"What's making this experiment possible is our being able to modify and extend technologies that are routinely used in the petroleum industry," he said. "The monitoring instrumentation that's going into the observatory are extensions of what's being done in oil and gas."
Ellsworth said project plans call for a series of renewed and improved instrumentation for the downhole observatory as time goes by.
"We're deep. We're hot. So advances in sensor technology will be essential to the project," he explained.
SAFOD's drilling location ensures a look at repeated earthquakes at a feasible depth, according to Ellsworth.
Hunting bigger earthquakes would require much deeper drilling. Magnitude 6 earthquakes originate about six miles below the surface, he noted.
But rapid advances in deep-hole exploration could put that depth within reach of ongoing scientific study in the near future.
The EarthScope program also includes huge networks of seismic stations, GPS receivers, strainmeters and surface monitors. Zoback called it "the biggest thing that's ever happened in solid Earth science.
"For people in the petroleum industry, they have to realize that there are three components of EarthScope, and SAFOD is the smallest," he said. "We're only about 10 percent of the budget."
SAFOD will make its collected data available to the industry, primarily through the Web, and all cores will be kept at Texas A&M University's Ocean Drilling Core Repository.
Another payoff for the industry will come from EarthScope's ability to attract and train young scientists, Zoback observed.
"Some of those are Earth scientists who will find their way into the oil industry," he said. "It's been a real stimulus for bright young people to come back into Earth science."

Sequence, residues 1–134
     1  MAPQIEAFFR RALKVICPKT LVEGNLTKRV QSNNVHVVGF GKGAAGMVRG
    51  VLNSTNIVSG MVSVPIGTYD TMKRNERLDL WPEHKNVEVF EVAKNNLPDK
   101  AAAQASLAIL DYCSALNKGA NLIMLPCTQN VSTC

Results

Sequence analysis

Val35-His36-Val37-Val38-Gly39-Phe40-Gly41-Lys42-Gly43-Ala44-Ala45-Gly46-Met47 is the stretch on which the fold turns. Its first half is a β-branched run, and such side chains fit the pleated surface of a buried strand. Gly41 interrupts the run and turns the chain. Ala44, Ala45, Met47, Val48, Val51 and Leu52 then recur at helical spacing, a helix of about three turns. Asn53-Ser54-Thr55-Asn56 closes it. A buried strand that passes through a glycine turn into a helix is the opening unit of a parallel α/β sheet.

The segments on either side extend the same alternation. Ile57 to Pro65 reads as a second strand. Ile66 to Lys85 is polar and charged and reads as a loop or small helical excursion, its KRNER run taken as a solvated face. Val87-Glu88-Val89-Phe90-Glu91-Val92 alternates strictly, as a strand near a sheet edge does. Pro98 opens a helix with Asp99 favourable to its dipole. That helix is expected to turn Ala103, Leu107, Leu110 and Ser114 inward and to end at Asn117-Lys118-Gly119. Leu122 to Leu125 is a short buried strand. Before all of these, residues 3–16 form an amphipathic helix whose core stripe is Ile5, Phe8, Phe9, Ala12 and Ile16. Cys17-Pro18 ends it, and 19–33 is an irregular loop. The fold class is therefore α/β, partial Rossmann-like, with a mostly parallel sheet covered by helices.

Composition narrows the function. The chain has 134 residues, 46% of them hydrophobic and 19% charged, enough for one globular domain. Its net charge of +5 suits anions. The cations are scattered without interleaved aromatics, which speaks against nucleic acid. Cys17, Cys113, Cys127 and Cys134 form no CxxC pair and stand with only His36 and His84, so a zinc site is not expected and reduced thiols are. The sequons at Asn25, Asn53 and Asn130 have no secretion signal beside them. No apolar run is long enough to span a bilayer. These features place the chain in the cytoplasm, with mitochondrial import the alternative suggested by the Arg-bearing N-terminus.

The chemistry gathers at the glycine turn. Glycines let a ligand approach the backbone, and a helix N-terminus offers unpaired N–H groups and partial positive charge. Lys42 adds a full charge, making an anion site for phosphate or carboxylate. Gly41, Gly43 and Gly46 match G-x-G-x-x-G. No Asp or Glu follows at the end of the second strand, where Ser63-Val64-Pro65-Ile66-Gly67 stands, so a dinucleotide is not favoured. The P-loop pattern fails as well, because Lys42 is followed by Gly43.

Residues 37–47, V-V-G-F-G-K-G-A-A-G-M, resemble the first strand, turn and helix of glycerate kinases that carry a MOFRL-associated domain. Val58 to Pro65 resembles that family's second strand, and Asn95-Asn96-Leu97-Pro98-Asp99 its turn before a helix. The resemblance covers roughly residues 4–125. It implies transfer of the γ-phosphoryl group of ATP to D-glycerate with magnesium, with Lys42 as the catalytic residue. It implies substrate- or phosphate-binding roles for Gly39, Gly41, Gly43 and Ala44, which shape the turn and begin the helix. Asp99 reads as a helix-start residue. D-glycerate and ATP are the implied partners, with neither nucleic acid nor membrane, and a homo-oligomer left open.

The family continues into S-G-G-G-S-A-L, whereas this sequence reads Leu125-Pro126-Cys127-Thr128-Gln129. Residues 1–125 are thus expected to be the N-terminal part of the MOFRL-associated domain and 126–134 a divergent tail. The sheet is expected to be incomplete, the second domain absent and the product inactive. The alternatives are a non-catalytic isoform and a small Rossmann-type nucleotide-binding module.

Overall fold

Will the program be a major step toward predicting earthquake occurrence?
The truth is, no one can be sure, because so little is known about the origins of earthquakes.
"One of the objectives of SAFOD is to determine whether or not earthquakes are predictable, no doubt about it," Zoback said.
"We're going to put our instruments within tens or certainly hundreds of meters of the earthquake process, so we will see what the fault does leading up to an earthquake," he added.
Ellsworth, who's studied earthquake nucleation extensively, won't make any predictions, either.
If nucleation begins in an area the size of a coin before spreading violently, scientists have little hope of finding and identifying nascent earthquakes, he said.
But if nucleation takes place over a larger area, slowly building and giving off definitive signals, earthquake prediction may become reality.
"That slow process does not emit seismic waves -- it's what we'd call creep," Ellsworth said. "We'd like to understand how that occurs in the Earth.
"We can learn a lot about earthquakes at the surface," he added. "What we don't see are the nonlinear parts of the process. What we don't see is the breaking."
For the first time, SAFOD will give scientists a window to earthquakes at birth.